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VOL. 127 | NO. 131 | Friday, July 06, 2012




Sanders Keeps Busy in Memphis Tech Scene

By Andy Meek

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Beth Sanders is one of those people almost anyone knows if they’ve spent a significant amount of time in Memphis’ technology community.

Sanders

A social media and online strategist, Sanders was part of the inaugural cohort of the Seed Hatchery startup mentoring program. And though she’s no longer involved with StiQRd, one of the startups that went through Seed Hatchery last year, she still looks back fondly on the relationships formed through that process, which she said helped shape her professionally.

StiQRd, which is still growing and going strong, is a startup with a smartphone app of the same name that’s built around the idea of digitizing paper-based loyalty and punch card programs for businesses.

Sanders is a supporter of LaunchYourCity and EmergeMemphis, encouraging the work those entities do to bring entrepreneurial opportunity to Memphis. And she’s on the founding board of GEEKMemphis, a community group to help increase the awareness, adoption and advancement of technology in the Memphis area, as well as being the organizer of MemphisGives, which holds quarterly social events to raise money for selected local charities.

A MemphisGives meetup in June at Boscos Squared raised $450 for Dress for Success, an organization that provides women with clothing for job interviews as well as career training.

Liz Jostes, another local social media strategist and small-business consultant, said Sanders’ “work, focus and heart are all in the right place – doing what’s best for her clients. She’s a big advocate for giving back to the Memphis community as well through GiveCamp and MemphisGives. I admire Beth as a leader in the social and tech space, and for her drive to help those who need it most.”

“It takes about 30 seconds to send a 140-character tweet, but it requires much more time to understand the audience.”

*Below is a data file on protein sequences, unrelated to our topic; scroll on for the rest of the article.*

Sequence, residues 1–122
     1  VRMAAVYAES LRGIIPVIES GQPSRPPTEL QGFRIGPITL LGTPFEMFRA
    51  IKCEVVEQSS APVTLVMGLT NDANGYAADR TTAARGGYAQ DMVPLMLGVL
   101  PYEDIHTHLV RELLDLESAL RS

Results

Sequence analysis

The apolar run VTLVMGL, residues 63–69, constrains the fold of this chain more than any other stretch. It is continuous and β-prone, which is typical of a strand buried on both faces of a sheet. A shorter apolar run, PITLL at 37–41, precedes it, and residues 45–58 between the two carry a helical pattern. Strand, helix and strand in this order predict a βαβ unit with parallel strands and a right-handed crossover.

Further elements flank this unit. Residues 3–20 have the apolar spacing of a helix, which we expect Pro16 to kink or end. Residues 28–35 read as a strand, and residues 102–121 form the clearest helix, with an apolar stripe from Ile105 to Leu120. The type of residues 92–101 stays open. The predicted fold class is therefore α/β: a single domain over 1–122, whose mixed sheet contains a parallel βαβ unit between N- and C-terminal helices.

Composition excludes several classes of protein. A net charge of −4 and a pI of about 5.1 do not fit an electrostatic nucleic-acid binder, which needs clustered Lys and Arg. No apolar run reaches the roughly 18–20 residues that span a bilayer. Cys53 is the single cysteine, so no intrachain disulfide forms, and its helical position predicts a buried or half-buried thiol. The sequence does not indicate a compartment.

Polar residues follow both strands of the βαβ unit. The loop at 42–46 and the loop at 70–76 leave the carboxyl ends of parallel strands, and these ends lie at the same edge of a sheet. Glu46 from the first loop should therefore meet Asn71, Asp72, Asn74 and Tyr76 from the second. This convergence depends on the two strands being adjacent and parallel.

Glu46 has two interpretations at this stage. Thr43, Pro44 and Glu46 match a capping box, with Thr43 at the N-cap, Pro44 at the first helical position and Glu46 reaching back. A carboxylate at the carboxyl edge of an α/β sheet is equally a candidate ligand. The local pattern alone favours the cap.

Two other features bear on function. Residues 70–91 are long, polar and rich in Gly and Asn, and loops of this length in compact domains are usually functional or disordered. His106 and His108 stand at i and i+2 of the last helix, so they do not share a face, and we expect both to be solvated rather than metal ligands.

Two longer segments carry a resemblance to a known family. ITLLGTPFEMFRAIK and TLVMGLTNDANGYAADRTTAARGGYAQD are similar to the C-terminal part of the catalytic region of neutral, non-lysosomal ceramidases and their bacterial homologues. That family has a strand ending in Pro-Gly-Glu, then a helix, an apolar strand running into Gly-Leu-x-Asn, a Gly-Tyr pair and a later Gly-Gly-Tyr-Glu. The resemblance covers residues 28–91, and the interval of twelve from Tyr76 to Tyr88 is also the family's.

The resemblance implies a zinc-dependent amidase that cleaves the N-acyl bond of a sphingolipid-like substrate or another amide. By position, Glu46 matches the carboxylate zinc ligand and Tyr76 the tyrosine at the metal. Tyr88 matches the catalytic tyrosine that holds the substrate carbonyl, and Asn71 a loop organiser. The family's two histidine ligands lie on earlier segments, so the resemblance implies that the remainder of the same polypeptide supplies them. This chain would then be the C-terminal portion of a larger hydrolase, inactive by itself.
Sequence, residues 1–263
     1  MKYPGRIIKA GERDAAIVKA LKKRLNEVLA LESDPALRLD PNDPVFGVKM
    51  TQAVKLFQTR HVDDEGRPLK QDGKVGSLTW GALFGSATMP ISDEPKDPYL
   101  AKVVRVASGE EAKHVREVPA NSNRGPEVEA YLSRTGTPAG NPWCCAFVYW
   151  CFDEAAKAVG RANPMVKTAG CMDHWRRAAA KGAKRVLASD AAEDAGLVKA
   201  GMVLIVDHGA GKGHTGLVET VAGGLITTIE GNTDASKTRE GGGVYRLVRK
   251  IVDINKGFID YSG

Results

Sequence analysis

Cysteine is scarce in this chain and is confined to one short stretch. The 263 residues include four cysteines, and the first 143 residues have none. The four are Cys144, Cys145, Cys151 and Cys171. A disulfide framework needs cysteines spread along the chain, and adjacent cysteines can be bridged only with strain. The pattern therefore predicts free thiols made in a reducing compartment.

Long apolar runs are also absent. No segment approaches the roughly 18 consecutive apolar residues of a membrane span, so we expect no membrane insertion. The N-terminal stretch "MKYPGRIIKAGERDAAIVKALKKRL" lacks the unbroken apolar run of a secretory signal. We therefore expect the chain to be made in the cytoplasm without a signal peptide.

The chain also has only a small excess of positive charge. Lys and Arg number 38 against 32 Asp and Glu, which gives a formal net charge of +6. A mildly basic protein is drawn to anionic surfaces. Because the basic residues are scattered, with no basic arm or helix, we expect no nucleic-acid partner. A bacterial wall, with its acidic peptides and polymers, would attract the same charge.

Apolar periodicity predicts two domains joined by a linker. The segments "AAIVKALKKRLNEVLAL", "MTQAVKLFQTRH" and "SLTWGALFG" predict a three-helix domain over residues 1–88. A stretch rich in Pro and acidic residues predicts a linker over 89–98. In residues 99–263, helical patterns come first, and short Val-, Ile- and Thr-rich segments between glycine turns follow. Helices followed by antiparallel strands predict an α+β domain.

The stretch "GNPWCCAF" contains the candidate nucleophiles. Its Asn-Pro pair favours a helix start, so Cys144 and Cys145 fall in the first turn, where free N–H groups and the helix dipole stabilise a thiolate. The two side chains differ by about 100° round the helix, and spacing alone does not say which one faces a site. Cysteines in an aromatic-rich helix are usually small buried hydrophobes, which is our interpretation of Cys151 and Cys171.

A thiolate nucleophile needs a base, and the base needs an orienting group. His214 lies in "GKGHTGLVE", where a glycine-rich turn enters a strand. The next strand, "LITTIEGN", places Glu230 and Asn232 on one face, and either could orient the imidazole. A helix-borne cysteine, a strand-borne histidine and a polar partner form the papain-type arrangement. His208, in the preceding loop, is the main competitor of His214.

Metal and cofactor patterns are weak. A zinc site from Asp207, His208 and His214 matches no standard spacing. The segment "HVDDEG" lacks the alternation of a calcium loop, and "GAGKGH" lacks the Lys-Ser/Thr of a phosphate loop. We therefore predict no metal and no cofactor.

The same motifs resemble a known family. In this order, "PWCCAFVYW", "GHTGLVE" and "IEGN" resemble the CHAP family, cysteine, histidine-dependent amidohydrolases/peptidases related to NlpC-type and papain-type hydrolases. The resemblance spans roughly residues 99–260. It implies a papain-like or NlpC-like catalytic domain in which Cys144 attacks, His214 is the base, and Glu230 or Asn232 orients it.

–Beth Sanders

As part of her day job these days, Sanders has one foot in the nonprofit world and the other in freelance work.

“I work part time in marketing for a Memphis seminary that equips church leaders for urban ministry,” Sanders said. “In my freelance life, I help small businesses, churches and nonprofits with social media training and consulting, writing and editing, blogging and content strategy and general communications. I also design and customize WordPress websites and am the organizer of our local WordPress meetup group and a frequent speaker at local tech conferences.

“On the weekends, I coordinate and administer the social media presence for my church, Christ United Methodist, where I live tweet each Sunday service.”

She describes herself as a social media strategist. As such, she helps nonprofits and small businesses understand social media and figure out which platforms will help them accomplish their goals and best communicate their message and mission.

Among the problems she sees small businesses frequently run into – many are short-staffed and have limited expertise in technology and social media.

“With the daily responsibilities of staffing, bookkeeping, sales, marketing, fundraising and others, it’s easy to get overwhelmed,” Sanders said. “It takes about 30 seconds to send a 140-character tweet, but it requires much more time to understand the audience, how to engage and what kinds of content will be of interest. Leaders need training and coaching to help them incorporate these new media into the daily life of the organization. As each have different needs and assets, there is no one solution that’s appropriate for all. I help them tailor their approach to their audience and their mission.”

She said she loves the tech community in Memphis for reasons that include its diversity, friendliness and openness.

“I do wish more women, particularly of my generation, would get involved with tech, though I’m sure everyone is sick of hearing me say that,” Sanders said. “A couple of weeks ago, I was part of a group of technology professionals who donated an entire weekend, through GiveCamp Memphis, to help local nonprofits with technical challenges at no charge. It’s great to see top-level pros who are willing to donate their services to give back to the community. The conferences and events help draw new people into the fold and provide great learning opportunities.”

Speaking more broadly than that, there are also just as many things she loves about the city she calls home. Among them, she cited the Mississippi River at sunset; the rooftops of the Madison and Peabody hotels and EmergeMemphis; and AutoZone Park and the Redbirds, among other things.

“The best thing about this city is the diversity of its people,” Sanders said. “I love that I can hang out with 20- and 30-something techies one day and suburban empty nesters the next.”

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